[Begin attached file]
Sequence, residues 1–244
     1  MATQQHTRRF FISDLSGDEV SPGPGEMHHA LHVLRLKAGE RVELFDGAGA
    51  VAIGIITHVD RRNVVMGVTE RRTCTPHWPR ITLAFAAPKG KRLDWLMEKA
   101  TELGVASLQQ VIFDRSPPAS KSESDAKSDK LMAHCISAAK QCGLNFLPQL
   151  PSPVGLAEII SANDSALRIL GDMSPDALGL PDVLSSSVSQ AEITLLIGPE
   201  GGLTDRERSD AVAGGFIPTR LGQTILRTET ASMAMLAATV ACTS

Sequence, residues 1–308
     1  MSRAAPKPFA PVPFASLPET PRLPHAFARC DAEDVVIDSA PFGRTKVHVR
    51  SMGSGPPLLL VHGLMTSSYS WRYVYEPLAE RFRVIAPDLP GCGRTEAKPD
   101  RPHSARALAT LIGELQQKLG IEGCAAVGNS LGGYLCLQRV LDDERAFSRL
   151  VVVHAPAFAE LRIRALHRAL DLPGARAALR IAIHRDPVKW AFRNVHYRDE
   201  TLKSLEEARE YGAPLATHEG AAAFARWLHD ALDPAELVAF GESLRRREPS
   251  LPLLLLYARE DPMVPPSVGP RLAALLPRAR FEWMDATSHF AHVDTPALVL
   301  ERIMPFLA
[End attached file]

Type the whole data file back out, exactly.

Sequence, residues 1–244
     1  MATQQHTRRF FISDLSGDEV SPGPGEMHHA LHVLRLKAGE RVELFDGAGA
    51  VAIGIITHVD RRNVVMGVTE RRTCTPHWPR ITLAFAAPKG KRLDWLMEKA
   101  TELGVASLQQ VIFDRSPPAS KSESDAKSDK LMAHCISAAK QCGLNFLPQL
   151  PSPVGLAEII SANDSALRIL GDMSPDALGL PDVLSSSVSQ AEITLLIGPE
   201  GGLTDRERSD AVAGGFIPTR LGQTILRTET ASMAMLAATV ACTS

Sequence, residues 1–308
     1  MSRAAPKPFA PVPFASLPET PRLPHAFARC DAEDVVIDSA PFGRTKVHVR
    51  SMGSGPPLLL VHGLMTSSYS WRYVYEPLAE RFRVIAPDLP GCGRTEAKPD
   101  RPHSARALAT LIGELQQKLG IEGCAAVGNS LGGYLCLQRV LDDERAFSRL
   151  VVVHAPAFAE LRIRALHRAL DLPGARAALR IAIHRDPVKW AFRNVHYRDE
   201  TLKSLEEARE YGAPLATHEG AAAFARWLHD ALDPAELVAF GESLRRREPS
   251  LPLLLLYARE DPMVPPSVGP RLAALLPRAR FEWMDATSHF AHVDTPALVL
   301  ERIMPFLA